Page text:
Now, this is the Orange Is the New Black that I know and love. Finally, we get an episode that moves the plot along, is united by a single theme, and told an interesting and surprising backstory for one of the inmates who has always been in the background but never been given much attention.
The theme was inspired by Emma Stone’s Oscar dress, of all things. In her flashback, Flaca’s mother tells her that people will believe what you tell them, like sewing a CK label in the back of a bootleg gown, and that was true of almost all of the stories in the episode. Luckily, we didn’t see much of Alex and Piper, but when we did, Piper joked that she was hired by Alex’s old drug dealer to kill Alex. While she is obviously joking, Alex can’t decide whether or not to believe her. She wants to believe what she is told.
The most interesting permutation of this theme came up with Poussey’s homemade hooch, which she brews in holes outside of the library, where she works. When she goes to get herself a big old glass of the distilled fruit concoction, she discovers it’s missing. Leanne and Angie tell her that a drunk squirrel (more precisely, a squirrel-raccoon hybrid) probably ran off with it and Poussey believes them, laying down traps made of urine and cayenne pepper. (Aren’t those the same ingredients for a Master Cleanse?)
It wasn’t the squirrel; it was actually Taystee, who stole the hooch because she doesn’t like her best friend getting tipsy and napping all day. She was going to let Poussey in on the truth, but Crazy Eyes says that they all need the power of Santa to keep going in prison. Well, not the actual Santa (though I’m sure Healy has played him in more than one shopping mall), but the idea of hope, something to believe in to make themselves feel better and forget that they are destroying megalopolises made of pubes while wearing a surgical mask rigged out of elastic bands and a maxi pad.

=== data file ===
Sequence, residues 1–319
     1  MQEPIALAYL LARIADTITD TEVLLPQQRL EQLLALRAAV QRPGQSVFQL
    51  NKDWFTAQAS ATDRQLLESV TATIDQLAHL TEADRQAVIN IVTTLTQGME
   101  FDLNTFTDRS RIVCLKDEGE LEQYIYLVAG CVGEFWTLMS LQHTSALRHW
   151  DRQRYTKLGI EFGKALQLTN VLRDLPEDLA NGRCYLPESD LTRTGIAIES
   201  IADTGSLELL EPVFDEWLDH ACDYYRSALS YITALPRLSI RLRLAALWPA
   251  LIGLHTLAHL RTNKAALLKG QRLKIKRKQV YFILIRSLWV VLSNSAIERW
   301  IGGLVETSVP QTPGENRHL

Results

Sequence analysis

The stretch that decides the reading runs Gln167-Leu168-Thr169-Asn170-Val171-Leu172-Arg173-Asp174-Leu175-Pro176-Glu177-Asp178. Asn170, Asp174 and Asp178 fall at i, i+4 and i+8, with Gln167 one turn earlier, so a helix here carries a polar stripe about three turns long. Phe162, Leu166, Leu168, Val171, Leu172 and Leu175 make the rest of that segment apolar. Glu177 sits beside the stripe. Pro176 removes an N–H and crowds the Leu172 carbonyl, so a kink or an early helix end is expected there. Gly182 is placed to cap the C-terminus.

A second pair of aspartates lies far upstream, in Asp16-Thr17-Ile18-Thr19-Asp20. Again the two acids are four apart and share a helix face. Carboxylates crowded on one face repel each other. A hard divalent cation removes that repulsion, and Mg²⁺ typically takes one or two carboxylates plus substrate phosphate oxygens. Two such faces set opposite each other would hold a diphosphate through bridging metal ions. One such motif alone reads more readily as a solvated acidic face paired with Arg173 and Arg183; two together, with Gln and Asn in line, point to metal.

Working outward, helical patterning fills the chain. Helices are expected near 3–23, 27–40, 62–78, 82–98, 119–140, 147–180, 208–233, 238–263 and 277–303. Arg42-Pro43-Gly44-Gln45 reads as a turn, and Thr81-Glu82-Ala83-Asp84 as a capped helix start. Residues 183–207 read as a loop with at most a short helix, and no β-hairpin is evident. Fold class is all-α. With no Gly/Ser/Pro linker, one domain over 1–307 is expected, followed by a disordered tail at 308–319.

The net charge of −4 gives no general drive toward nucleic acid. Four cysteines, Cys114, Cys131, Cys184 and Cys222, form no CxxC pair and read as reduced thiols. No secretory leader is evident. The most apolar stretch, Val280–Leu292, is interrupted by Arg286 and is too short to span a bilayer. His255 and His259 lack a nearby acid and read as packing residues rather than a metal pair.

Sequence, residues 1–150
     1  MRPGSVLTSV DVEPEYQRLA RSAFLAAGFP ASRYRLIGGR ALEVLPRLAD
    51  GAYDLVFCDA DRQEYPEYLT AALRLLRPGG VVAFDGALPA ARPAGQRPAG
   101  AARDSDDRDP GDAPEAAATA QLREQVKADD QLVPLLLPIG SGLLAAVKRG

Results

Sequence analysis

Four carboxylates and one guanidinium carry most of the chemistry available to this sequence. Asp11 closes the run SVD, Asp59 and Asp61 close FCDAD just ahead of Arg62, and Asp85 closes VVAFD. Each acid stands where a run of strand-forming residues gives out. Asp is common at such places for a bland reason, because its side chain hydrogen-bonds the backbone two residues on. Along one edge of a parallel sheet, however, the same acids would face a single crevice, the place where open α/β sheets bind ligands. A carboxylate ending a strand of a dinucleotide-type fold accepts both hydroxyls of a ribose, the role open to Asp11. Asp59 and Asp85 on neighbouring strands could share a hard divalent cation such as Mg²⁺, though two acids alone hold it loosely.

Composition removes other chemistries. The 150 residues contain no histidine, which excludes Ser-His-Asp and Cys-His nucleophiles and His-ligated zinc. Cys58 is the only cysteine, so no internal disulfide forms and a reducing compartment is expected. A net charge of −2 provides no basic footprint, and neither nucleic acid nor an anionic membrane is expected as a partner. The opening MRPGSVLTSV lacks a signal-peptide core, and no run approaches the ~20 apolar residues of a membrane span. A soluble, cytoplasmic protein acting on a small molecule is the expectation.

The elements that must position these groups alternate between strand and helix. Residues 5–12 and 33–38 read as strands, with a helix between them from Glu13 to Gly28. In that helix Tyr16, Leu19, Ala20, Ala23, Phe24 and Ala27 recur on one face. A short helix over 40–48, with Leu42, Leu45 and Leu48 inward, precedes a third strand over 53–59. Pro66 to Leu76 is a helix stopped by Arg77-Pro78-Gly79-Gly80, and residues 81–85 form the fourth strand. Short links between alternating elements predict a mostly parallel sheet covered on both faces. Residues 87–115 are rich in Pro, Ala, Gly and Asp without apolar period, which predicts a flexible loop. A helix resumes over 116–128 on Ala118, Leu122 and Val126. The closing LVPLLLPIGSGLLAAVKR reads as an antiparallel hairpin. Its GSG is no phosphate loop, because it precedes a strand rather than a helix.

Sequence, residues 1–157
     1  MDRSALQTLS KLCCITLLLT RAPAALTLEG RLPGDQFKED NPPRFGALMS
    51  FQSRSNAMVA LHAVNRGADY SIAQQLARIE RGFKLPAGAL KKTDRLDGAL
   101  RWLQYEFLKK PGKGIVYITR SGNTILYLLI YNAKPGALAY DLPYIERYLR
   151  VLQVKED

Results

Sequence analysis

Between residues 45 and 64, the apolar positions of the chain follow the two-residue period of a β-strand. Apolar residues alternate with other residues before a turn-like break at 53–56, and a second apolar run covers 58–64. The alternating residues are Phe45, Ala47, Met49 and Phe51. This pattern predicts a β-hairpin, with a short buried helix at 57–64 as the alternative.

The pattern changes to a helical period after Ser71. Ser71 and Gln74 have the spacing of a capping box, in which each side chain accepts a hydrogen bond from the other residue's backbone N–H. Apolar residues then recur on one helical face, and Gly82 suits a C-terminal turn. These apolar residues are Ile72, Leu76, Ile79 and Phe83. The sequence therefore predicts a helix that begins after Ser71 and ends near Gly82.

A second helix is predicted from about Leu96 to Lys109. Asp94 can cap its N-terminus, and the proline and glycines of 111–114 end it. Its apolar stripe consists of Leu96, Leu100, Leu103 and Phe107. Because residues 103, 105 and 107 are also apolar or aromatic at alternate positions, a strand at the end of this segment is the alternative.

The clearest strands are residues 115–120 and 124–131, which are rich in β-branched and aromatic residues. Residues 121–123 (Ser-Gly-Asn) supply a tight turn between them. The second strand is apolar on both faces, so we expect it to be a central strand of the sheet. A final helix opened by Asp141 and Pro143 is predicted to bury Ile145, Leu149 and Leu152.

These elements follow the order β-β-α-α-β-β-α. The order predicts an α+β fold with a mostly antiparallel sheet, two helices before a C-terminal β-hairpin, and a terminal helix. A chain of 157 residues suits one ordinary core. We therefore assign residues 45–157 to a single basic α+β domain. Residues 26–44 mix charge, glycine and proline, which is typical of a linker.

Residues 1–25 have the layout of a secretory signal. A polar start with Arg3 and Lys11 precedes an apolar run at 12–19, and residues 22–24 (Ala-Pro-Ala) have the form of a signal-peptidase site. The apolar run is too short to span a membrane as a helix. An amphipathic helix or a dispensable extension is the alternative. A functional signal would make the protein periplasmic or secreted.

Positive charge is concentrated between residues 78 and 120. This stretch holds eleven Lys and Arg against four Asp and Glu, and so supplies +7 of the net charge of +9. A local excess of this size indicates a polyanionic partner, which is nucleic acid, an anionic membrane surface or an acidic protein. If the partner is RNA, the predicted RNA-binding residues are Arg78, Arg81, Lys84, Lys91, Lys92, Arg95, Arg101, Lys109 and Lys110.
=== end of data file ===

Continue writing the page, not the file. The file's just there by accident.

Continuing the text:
For all of the women in the prison, Santa was a new job that MCC, the corporation that is now running Litchfield, is offering inmates, which pays $1 an hour — 90 cents more than all the other jobs pay. Pearson, the New Balance–wearing executive in charge, tells Caputo not to worry, that he has a way to make sure all the inmates feel happy about the selection process. All the women take a test, and 40 are chosen for the new detail, including Flaca, Piper, Black Cindy, Janae, and several more of our favorites. They all believe that they are superior because the test landed them in this esteemed position.
Later, Pearson tells Caputo that he just downloaded a random personality quiz from the internet (I’m an ENFP) and selected the inmates who got the job at random from the pile of tests. There’s even more thought put into a Tinder hookup than giving the women these jobs. He says that the test keeps them from being mad at the administration for not getting the job and instead makes them feel bad about themselves because they didn’t have what it takes to pass the test. So it’s just another disappointment to these women’s self-worth, which is what landed so many of them under the boot of the system in the first place. Great job, Pearson.